The friendly, unsuspecting people at Bobtown Pizza are bearing the brunt of complaints and crank calls due to community outrage. We'd suggest that unhappy citizens instead contact Chevron toll-free. Bobtown Pizza never expected a national backlash and coverage from CNN, Newsweek, and others, but they also weren't aware that Chevron is the largest corporate criminal on the run and on the hook for $9.5 billion in Ecuador. They didn't know that Chevron's Richmond refinery blew up not long ago and that they violated 62 EPA regulations there. They didn't know that over 40 environmental and human rights NGOs recently condemned Chevron's actions and over 100,000 people have sent messages to the US Senate to complain about their abusive legal tactics.
And Chevron, just in case you were wondering, the 30,000 Ecuadorians who sued you for polluting their homes and fouling their future will not be appeased by an order of empanadas and a six-pack of Inca Kola.

Thursday, February 13, 2014

How Chevron Might Have A Lawsuit Against Its Own Law Firm for Blowing the RICO Case

Chevron's "Dream Team" at the Gibson Dunn law firm has yet to come up with an explanation for its monumental mistake last week in undermining the company's RICO case against Ecuadorian villagers and their lawyers.  Chevron's team leader at Gibson Dunn, partner Randy Mastro, usually loves spinning to the media.  But even he has gone radio silent.

Last Friday, another partner at Gibson Dunn—Harvard Law School graduate Miguel Estrada—argued before a panel of judges from the 2nd Circuit Court of Appeals in Manhattan. The case being heard that day had nothing to do with the plight of Ecuadorians living with the toxic legacy of Chevron's pump-and-dump oil operations in their rainforest lands.

But the hearing itself—or at least one of the key arguments made—may have an enormous impact on the Chevron-Ecuador case.

From the blog of DC-based EarthRights International yesterday:
Chevron probably isn’t too happy with Randy Mastro and the rest of its dream team at Gibson Dunn & Crutcher right now. Gibson Dunn represents Chevron in its “sue the victims” case against a group of Ecuadorian villagers and their attorneys. The Ecuadorians won a $9.5 billion judgment in Ecuador against the company for massive pollution, and Chevron retaliated by filing a law suit under the Racketeering and Corrupt Organizations Act (RICO), claiming the Ecuadorian judgment was obtained through fraud.

Last week, however, in a completely separate case, Gibson Dunn may have shot the Chevron case in the foot, arguing to the Second Circuit Court of Appeals that a private party can’t seek an injunction under RICO. This is the opposite of the argument they’ve made in Chevron’s RICO lawsuit in the district court in New York.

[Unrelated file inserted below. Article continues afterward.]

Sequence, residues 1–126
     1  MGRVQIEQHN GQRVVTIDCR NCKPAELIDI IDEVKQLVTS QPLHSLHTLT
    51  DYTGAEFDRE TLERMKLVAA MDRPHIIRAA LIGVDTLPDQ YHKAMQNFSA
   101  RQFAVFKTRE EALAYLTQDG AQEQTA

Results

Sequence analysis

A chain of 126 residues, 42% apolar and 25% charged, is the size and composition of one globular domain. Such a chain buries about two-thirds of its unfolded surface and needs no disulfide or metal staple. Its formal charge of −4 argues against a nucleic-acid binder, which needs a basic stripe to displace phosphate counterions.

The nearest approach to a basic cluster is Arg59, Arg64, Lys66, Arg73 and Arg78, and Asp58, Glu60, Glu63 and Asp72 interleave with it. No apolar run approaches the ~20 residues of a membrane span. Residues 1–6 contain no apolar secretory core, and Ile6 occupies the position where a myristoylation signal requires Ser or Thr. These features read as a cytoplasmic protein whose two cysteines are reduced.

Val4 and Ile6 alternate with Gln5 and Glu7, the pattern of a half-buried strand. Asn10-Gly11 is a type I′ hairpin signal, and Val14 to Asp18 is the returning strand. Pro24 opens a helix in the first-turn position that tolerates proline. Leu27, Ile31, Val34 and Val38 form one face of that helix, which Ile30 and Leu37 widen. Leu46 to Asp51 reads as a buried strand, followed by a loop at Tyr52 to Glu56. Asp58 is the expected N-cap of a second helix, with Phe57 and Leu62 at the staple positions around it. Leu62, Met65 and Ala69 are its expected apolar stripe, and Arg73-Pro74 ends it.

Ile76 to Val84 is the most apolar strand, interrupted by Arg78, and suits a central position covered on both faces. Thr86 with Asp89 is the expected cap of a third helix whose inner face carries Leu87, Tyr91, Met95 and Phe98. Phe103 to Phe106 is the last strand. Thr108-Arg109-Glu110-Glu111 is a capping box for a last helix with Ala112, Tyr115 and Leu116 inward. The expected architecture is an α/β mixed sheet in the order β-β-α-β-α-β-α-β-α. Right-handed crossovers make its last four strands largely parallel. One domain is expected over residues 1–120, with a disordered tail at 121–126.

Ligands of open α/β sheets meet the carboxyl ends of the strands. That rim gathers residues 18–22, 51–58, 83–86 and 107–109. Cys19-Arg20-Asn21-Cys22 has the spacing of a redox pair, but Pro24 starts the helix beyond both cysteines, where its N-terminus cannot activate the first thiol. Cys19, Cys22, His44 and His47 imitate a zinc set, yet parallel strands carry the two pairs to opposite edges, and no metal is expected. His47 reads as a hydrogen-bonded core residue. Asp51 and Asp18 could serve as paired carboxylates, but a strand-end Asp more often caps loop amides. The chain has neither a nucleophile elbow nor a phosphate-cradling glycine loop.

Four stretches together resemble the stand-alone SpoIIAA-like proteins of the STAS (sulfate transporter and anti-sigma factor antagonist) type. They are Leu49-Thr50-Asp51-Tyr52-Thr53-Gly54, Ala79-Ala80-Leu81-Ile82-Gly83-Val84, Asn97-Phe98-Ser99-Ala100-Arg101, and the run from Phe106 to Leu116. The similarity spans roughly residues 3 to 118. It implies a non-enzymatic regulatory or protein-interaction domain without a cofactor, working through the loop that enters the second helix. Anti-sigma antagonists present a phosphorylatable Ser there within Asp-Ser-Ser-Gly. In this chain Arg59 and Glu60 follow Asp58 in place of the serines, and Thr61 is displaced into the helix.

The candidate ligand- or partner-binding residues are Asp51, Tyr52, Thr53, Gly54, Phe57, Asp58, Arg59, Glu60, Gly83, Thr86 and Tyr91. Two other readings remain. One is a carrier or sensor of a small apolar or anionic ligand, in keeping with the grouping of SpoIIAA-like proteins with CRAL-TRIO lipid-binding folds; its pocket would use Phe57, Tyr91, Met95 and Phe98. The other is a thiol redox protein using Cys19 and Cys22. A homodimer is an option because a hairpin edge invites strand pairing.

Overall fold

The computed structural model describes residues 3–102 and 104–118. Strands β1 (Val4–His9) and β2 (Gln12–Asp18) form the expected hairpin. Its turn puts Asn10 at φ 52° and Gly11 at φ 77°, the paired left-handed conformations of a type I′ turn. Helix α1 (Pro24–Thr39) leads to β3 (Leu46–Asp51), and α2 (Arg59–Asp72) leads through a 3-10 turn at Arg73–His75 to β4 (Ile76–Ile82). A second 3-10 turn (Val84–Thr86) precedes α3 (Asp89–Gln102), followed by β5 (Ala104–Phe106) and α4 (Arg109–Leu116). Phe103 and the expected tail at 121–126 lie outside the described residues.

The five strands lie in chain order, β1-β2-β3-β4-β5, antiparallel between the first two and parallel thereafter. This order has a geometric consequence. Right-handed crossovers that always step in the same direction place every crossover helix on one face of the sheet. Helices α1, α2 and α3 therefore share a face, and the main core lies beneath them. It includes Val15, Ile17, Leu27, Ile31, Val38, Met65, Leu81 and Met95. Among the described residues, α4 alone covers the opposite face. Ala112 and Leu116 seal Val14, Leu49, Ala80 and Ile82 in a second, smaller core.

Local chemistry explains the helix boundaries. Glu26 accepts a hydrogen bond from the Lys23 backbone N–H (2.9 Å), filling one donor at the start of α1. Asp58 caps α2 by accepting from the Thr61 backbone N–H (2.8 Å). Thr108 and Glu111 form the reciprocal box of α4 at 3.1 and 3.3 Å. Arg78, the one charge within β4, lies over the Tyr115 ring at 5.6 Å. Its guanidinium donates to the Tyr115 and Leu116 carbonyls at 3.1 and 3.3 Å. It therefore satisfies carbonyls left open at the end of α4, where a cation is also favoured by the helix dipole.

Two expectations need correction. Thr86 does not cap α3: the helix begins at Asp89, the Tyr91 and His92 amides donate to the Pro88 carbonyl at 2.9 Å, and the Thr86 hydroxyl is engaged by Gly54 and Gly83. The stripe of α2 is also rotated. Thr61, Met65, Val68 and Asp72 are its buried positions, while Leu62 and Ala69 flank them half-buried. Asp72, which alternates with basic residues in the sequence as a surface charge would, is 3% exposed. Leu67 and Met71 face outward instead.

Of course, in its retaliatory RICO lawsuit against the Ecuadorians and their longtime legal advocate Steven Donziger, Chevron is in fact seeking an injunction.

As Donziger told Law360 last week:
Chevron made three strategic decisions that together strip it of standing: refusing to challenge its liability for the pollution in Ecuador, dropping its damages claim in order to escape a jury trial and asking for a tailored injunction that only blocks Donziger and his Ecuadorean co-defendants from a cut of the multibillion-dollar judgment, rather than a worldwide anti-enforcement injunction.
Donziger and the Ecuadorians have argued all along that the RICO statute does not permit private parties to seek injunctive relief. Of course, Chevron—or more accurately, Gibson Dunn's Mastro —has repeatedly argued the opposite. Meanwhile, Judge Lewis A. Kaplan, who has brazenly promoted the Chevron RICO lawsuit, seems to think it's an open question. 

Back to EarthRights International's recent post:
If it is indeed an open question, it may not be open for much longer.

Last Friday, in Sykes v. Mel Harris, Gibson Dunn urged the Second Circuit to “confirm that private RICO claims for injunctive relief fail as a matter of law” – in other words, private plaintiffs cannot seek injunctions under RICO. If Gibson Dunn wins that argument, the decision will control Chevron’s case against Donziger and will doom Chevron in the lower court.
This, of course is a major Catch-22 for Chevron, as reporter Adam Klasfeld at Courthouse News wrote last week.  Klasfeld concluded that Gibson Dunn's Estrada could "scuttle [Chevron's] efforts" to fight off its $9.5 billion liability in the Ecuador case.

Klasfeld's article concludes with a quote from Christopher Gowen, a professor of ethics at the Washington College of Law at The American University in Washington, D.C.  a member of Donziger’s legal team, Gowen said:
"Gibson Dunn is correct to argue that there is no injunctive relief for a private party under the RICO statute," said Gowen, who serves as a legal ethics professor at American University. "The problem for the firm is that by doing so they acknowledge that their prosecution of the Chevron v. Donziger case has been a complete waste of their client's time and money and an abuse of the civil justice system. While I was troubled by the ethical conduct of Gibson Dunn on behalf of Chevron throughout the trial, I never imagined a day where their unethical conduct would destroy their own client's case."